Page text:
In the same year that Google was founded, the TV show “Seinfeld” came to an end and the highly acclaimed books “The Not So Big House” and “Eclectic Style in Interior Design” were published, Lois Baumgartner went with a friend and former neighbor to look at a new subdivision in Blacksburg. “She told me that she was hand picking her neighbors,” Lois recalls. “It was a Sunday, and Brookfield Village had a brick entrance, two gazebos, paved streets, sidewalks, town water and neatly marked plots. The mist was lifting off Brush Mountain on a little rise off the main circle that I thought would be perfect.” When she returned with her husband, Fred, later that afternoon, he conceded that if they could buy that plot, he’d consider it.
They had grown weary of 22 years in their in-town, 4-level “starter” home which backed up to a busy University City Blvd., and Lois had been saving her dream house plan for just this moment. They bought the lot with a west view across pastures and rolling hills to Brush Mountain in January of 1999. Building started in March, and they moved in September.
Fralin & Waldron of Roanoke designed this planned community, so Lois took her plans to their architect. “He wanted to make certain it would fit into the neighborhood,” she says. “The traditional design has a compact floor plan with about 2,800 square feet on two floors. The architect removed a dormer from an upstairs bedroom right off. I flipped the garage from the original plan, so the master bedroom would be in front toward the view.” Lois also asked for a bonus room over the garage finished as a combo office, sewing, craft, exercise space. She gave the architect dimensions for corner cabinets and antique pieces so window placement would allow wall space to accommodate the furniture.
Because of allergies, Lois chose wood floors for the first floor, and though they have a basement, she requested a main floor laundry room with a pass-through from the master bedroom. “This baffled the builders since they only dealt with laundry chutes from one floor to another. During construction, the pass-through “hole” laundry door had to be moved six feet to the left so it would line up with the lower base cabinet on the other side of the wall in the laundry room. We caught that just in time.” Though she was working full-time when the house was being built, Lois went to the site every day when she knew the building supervisor would be there.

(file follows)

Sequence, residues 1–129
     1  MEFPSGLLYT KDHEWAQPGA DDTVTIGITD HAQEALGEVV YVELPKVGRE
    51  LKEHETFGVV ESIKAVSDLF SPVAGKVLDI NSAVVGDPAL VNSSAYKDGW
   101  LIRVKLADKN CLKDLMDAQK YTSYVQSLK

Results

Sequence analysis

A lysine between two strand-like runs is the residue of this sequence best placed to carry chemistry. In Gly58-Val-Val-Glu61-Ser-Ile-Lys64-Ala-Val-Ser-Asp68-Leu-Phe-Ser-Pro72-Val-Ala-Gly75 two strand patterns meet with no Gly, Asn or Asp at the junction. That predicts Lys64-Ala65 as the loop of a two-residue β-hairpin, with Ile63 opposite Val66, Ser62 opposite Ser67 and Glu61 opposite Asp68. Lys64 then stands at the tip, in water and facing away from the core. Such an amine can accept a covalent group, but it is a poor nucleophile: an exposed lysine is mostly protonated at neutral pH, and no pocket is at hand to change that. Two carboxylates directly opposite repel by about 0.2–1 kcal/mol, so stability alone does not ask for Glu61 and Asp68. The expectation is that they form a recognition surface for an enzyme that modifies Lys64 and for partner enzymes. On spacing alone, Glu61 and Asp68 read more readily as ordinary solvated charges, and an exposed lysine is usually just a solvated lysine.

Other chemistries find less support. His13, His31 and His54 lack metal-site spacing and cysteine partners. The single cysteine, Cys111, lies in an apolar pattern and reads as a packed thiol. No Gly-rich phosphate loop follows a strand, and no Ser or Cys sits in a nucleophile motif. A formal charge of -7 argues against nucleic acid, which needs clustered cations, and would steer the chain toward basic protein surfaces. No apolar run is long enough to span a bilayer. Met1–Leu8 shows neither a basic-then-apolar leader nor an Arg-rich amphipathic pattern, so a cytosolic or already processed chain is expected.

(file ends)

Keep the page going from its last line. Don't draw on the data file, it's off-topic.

She put five pocket doors in her plan so not to lose wall space due to swinging doors, and she worked with a kitchen planner who suggested the sink in a U-shape counter facing the mountain view. A few years after moving in, the builder wanted to place a two-story home 60 feet from their front door. “We bought that lot to protect our mountain view,” states Fred.
That they want to live on one floor was questioned by the architect, who observed that Fred and Lois were not that old. Lois laughs. “We don’t move often, and I plan to be carried out of this house. I knew what I wanted and never strayed from it.”
Charm exudes from every room of the home, where an eclectic blend of traditional, antique, international and country rustic get along well with soft wall colors, crown molding and a tiny touch of bright red in every room. There’s a Colonial appeal upon arrival at their slightly secluded setting. A white picket fence frames the front patio with a cherry tree for shade and potted flowers and the American flag or a seasonal banner for pops of color. Stepping through French doors into the living room brings one into a real “living” room, as this is their main “living” space. Fred often grades paper on the couch, and they both relax in front of the fireplace and TV. There’s no separate den or family room on the first floor, promoting efficiency of space.
The open, formal dining room is next to the living room with a bright, enchanting, well-organized kitchen beyond. It’s white with gray granite countertops, yellow and blue accent pieces and an antique wood table that beckons one to sit, chat and enjoy a cup of tea. Plantation blinds are built into window height shutters which open or close, and the view to the west is calming in any season..
The master bedroom features a high bed with black and cream linens, matching wingback chair and valances. Mahogany and brass furnishings round out an attractive Williamsburg style. The master bath has that little door with laundry basket concealed and another door opening to the laundry/mud room on the other side. Efficient, cute, functional.
A brick front porch facing west sports the requisite white rockers where Lois and Fred often spend summer evenings. Lois has a classic, authentic, warm touch in style that matches her personality. Her seemingly effortless decor radiates gracious living in casual comfort.
Text by Joanne M. Anderson
Photos by Natalie Gibbs Photography